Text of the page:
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Beer Batter Fish

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Last Updated on March 10, 2023 by Lisa Johnson

Beer batter fish is a classic pub food that has been around for centuries. It’s a simple yet delicious dish made with cod, beer, and a light batter that is fried to golden perfection, just like the ones served in Irish pubs.

This comforting meal is usually served in newspaper and paired with french fries for an unbeatable combination!

Check out this Irish Pub Food page for even more delicious Irish recipes.

Beer Batter Fish on a bed of French fries in a newspaper lined basket.

I remember how excited I used to get when my dad would make this meal for dinner. Okay, I may have been more excited when we went to the Fish ‘n Chip shop in Westlake, CA for lunch. They served their beer battered cod and chips wrapped in real newspaper! I thought that was the coolest thing ever!

Crispy traditional-style Beer Batter Fish and Chips | cookingwithcurls.com_

This recipe is getting pulled out of the vault for St. Patrick’s Day, which may seem kind of odd since I used Newcastle Brown Ale in the recipe. I have tried making this batter with Guinness, and Corona, which is delicious, but it just didn’t taste like the traditional pub-style fish ‘n chips that I remember.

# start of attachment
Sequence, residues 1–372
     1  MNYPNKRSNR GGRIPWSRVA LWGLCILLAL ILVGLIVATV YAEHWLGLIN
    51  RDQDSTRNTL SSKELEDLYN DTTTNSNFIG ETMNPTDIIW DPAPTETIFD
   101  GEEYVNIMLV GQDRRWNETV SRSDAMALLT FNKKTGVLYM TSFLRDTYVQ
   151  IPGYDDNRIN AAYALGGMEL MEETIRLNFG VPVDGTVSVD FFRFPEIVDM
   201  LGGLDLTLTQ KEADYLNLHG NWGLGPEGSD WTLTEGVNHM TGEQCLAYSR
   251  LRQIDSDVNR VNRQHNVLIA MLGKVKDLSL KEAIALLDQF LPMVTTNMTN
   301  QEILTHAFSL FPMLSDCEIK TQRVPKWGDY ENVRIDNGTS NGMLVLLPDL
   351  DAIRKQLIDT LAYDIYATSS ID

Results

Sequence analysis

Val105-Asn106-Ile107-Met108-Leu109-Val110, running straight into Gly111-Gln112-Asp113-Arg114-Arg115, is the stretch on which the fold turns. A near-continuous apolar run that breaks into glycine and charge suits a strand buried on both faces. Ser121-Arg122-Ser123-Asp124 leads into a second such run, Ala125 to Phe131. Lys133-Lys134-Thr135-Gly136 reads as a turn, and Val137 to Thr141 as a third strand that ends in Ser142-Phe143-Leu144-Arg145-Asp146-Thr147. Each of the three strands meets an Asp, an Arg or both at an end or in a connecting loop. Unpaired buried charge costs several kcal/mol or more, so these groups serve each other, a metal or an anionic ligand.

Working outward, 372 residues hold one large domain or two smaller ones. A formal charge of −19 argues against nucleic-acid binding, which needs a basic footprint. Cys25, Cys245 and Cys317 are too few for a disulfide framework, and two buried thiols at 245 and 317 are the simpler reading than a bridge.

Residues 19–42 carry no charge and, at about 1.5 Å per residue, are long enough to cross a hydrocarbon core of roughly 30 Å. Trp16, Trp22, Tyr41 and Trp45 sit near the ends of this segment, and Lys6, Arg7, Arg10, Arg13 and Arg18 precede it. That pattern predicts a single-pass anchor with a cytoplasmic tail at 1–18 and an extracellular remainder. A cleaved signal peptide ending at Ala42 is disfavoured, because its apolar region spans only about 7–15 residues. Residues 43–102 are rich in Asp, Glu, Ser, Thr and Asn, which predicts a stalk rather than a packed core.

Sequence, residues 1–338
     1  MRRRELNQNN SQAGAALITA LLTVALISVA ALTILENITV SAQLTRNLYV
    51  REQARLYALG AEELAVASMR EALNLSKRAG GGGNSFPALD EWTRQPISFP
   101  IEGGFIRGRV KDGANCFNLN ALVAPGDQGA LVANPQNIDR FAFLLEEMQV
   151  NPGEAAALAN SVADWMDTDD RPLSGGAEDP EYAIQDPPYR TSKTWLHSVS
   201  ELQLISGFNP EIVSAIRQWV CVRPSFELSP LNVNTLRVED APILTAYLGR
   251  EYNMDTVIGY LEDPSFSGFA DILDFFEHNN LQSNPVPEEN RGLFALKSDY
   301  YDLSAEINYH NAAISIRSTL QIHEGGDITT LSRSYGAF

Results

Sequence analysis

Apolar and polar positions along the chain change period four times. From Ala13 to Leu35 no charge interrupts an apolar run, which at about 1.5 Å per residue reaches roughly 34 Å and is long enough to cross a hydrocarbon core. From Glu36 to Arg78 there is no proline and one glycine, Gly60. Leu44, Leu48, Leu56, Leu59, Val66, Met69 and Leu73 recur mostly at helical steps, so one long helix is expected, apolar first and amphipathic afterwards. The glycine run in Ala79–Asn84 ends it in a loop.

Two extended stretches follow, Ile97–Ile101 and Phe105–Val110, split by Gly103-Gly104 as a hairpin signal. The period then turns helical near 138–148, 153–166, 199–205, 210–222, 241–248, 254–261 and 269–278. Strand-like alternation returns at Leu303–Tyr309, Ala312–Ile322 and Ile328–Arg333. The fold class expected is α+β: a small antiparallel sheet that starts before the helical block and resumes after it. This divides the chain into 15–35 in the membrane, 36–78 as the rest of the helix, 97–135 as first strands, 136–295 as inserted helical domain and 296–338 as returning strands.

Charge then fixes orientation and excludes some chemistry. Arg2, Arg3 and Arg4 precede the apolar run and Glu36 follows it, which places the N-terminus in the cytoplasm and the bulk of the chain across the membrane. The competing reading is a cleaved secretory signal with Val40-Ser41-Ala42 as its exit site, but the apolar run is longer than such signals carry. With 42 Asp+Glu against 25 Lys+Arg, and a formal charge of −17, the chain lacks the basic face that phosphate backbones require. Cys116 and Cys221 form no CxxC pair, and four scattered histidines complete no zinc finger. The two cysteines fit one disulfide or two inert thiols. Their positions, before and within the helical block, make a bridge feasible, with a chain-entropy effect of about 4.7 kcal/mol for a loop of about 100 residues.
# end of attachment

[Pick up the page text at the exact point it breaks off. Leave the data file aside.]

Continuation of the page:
Blue Outline of a Taco.

Note: This beer battered fish recipe would make delicious Fish Tacos! Substitute Corona for the beer and serve with lime wedges.

What you will need:

  • Rice flour to dredge the fish and all-purpose flour to make the batter.
  • Sea salt and white pepper to flavor the flour and batter mixture.
  • Cod filets cut into 2-inch strips are the perfect size for eating with your fingers.
  • Ice cold ale beer of your choice. I used Newcastle dark, but honestly any ale will work.
  • Eggs and baking powder help to create a puffy, delicious batter.

Be sure to check out the detailed printable recipe card below

How to make Beer Battered Fish

Heat about one-third gallon of peanut oil in a large, heavy pot or Dutch oven until it reaches 375°F.

Mix 1 cup of rice flour with salt and white pepper on a large plate, and set aside.